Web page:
Mutated World Sequence

My husband watches Ozark on Netflix.
I walk away to my laptop, tell him,
I don’t like any of the characters
and I don’t like the plot.

He can see how that could be true,
but he watches anyway.
The show’s been nominated.

Conventional COVID-19 wisdom says
the smart thing to do is stay home and avoid people.

We wait for a cure as hours of scripted
dramas flicker before our eyes.

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London Fog

Searching your trench coat,

I looked for truths, found instead
a 1969 penny and a Green Room matchbook—

I resisted the flame.

Pockets, lined with mothed holes
and a stained handkerchief,

not my mother’s shade of red.

What can we ever know, Dad?
This urge to rummage our dead.

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At my parents’ house on the one-month anniversary of my sister’s death, which is also the three-year anniversary of September 11th

it snows. Too early for snow but seasons change.
On the warm ground snow falls all day,
fat white splashes not quite like ashes, but
with a purpose, a quiet, eerie mismatch of
What for, why, how can this be.
There’s a hum. I can’t hear right.
This silence is deafening.
I hate snow.

A chainsaw sits near the door of my childhood home.
The door’s knob wore down and fell off.
The door forgot its name, is listening for it in the wind.
A pair of rubber work boots stand nearby.
They rub together, rattled by a cold breeze, a
synthetic scratch, scratch, daring me to enter.

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I love my dog more than my dad

I love my dog more than my dad
By a distance, not a tad
There I’ve said it, the cardinal sin
Preference for a canine to my next of kin
His big floppy ears, doughy eyes, cold wet nose
Means more to me than my father’s bones
That lay in a grave, I hope at peace
My accidental parent, who came from the East
And whilst my dog showers me with kisses
I remember the drink, the rows, the Christmases
He was never there, never told us he cared
But still I loved this boy soldier, unrecovered man
Though not as much as I love my dog
Sorry dad, I hope you understand

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Patricide At the Dog Howl Cartoon

Father, my heart freezes
stiff as those chickens
when that slaughter truck overturned
in the blizzard of ‘78

and as I walked through the empty
snow world I kicked them,
feathers all over the road.

There is mother
in smoke and shame
hiding her face how the dead
know to do. Father,
her dark eyes hair skin all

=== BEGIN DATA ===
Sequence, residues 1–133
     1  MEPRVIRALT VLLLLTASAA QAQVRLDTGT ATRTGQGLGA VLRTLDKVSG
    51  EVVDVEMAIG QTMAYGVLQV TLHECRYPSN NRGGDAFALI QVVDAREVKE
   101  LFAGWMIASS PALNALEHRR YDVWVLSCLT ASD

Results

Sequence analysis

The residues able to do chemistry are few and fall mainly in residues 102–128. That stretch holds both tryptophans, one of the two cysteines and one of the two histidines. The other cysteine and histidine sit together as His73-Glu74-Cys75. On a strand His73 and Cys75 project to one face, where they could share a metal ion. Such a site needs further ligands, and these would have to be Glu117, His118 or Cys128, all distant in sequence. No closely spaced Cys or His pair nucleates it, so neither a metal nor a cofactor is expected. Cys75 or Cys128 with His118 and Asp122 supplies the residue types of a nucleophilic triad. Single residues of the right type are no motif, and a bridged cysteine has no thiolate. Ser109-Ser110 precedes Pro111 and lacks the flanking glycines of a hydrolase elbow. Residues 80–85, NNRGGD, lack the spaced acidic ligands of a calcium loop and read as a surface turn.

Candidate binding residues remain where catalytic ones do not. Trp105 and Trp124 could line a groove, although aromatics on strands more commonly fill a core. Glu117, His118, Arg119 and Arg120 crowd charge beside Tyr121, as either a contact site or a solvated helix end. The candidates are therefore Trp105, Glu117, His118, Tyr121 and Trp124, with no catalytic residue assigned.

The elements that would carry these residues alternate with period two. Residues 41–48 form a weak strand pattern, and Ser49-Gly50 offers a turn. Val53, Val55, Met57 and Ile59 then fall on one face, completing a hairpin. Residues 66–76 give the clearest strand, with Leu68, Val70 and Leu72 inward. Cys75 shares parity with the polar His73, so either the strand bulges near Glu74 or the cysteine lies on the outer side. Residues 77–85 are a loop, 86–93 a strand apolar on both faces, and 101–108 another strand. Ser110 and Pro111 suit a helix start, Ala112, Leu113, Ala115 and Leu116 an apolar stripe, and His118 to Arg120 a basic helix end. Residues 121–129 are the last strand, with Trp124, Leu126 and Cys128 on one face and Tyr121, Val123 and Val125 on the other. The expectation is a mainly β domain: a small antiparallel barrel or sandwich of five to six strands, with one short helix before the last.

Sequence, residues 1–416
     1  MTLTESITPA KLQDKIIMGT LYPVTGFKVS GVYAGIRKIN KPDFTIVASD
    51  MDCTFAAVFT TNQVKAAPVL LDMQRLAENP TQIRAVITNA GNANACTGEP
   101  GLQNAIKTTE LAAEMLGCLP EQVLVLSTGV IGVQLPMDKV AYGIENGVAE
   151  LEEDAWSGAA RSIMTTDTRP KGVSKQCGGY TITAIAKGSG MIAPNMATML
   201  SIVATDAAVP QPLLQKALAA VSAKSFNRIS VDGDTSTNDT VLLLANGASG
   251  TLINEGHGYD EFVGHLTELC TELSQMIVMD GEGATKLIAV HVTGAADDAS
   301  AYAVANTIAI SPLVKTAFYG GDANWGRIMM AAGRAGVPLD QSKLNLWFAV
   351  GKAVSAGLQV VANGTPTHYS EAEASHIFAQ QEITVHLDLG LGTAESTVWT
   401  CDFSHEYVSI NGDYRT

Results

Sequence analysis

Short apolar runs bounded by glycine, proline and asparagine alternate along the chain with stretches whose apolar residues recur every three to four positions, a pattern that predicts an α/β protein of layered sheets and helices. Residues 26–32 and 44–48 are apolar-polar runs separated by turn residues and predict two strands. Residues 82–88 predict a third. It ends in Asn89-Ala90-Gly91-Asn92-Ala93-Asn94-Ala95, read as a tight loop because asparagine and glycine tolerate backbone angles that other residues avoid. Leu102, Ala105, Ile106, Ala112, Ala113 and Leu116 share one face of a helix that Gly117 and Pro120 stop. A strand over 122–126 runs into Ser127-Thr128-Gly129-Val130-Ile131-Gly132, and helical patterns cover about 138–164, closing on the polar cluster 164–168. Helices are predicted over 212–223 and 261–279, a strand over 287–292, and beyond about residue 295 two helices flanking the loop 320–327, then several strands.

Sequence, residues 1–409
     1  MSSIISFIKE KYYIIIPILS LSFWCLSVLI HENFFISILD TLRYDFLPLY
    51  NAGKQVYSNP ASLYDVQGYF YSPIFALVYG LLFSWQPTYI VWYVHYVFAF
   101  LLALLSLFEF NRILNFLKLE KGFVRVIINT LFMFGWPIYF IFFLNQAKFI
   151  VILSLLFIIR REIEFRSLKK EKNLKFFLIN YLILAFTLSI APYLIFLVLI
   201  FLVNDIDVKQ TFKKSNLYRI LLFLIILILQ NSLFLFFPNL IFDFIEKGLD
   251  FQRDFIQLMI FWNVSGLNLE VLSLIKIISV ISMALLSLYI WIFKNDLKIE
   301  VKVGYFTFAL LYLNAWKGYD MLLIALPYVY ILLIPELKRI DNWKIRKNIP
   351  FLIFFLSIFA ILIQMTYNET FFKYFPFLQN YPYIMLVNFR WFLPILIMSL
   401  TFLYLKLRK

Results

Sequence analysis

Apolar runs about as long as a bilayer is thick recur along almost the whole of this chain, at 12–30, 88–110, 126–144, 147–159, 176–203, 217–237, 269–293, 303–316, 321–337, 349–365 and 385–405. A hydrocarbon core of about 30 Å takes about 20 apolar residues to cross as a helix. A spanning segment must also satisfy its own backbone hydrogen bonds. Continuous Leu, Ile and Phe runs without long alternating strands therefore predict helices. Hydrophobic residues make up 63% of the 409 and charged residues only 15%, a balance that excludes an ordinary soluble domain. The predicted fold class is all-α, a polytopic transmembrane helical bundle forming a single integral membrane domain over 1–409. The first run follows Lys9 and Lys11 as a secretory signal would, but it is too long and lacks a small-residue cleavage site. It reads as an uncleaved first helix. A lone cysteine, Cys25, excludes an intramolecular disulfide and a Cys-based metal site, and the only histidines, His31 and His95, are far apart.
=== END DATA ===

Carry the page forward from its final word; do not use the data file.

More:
a howl of rain.

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how i cried anyway

my father and i do not look alike
at first glance, but

we have the same scar on our chins
from falling off our bikes and

leaving a bit of ourselves behind,
red bifurcating again and again in the cement,

so strange to imagine how our skin
closed hastily, unevenly

(easing pain is not the same
as making smooth again). 

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Beyond Reach

Like the arc of an asteroid’s predicted landing
none of us are sure what’s yet to come as we ignore
skin’s craving. We stay in this strange apart space where
we cannot shake hands hug dance kiss cannot simply slide
next to one another on couch park bench diner booth as we’ve
always sat, loops for the same belt.

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Joan Rivers

Joan Rivers 1. on your right the dark thing father’s letter to a tramp college strippers’ dinner you’re not invited crackers from the machine get off stage people expect even from an amateur one good thing necklace from classmates a climber fifth avenue jab and punch rarely real corn-flaked motel dirt-blackened tub hard blinding a […]

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Fatal Gratitude

Philip Newton is a writer and musician living in Oregon. His novel, Terrane, was published in September by Unsolicited Press, and his poetry has appeared in magazines from Portland, Oregon to Bangalore, India. Fatal Gratitude To our great delight we have determined That it is your job to be emptied out And deposited right there Where […]

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Layla

Mark Jackley‘s most recent book of poems is On the Edge of a Very Small Town. His work has appeared in Sugar House Review, Fifth Wednesday, Talking River, Timberline Review, and other journals. He lives in Purcellville, VA. Layla Eric Clapton heard Jim Gordon beautifully messing around on the piano and found the coda he […]

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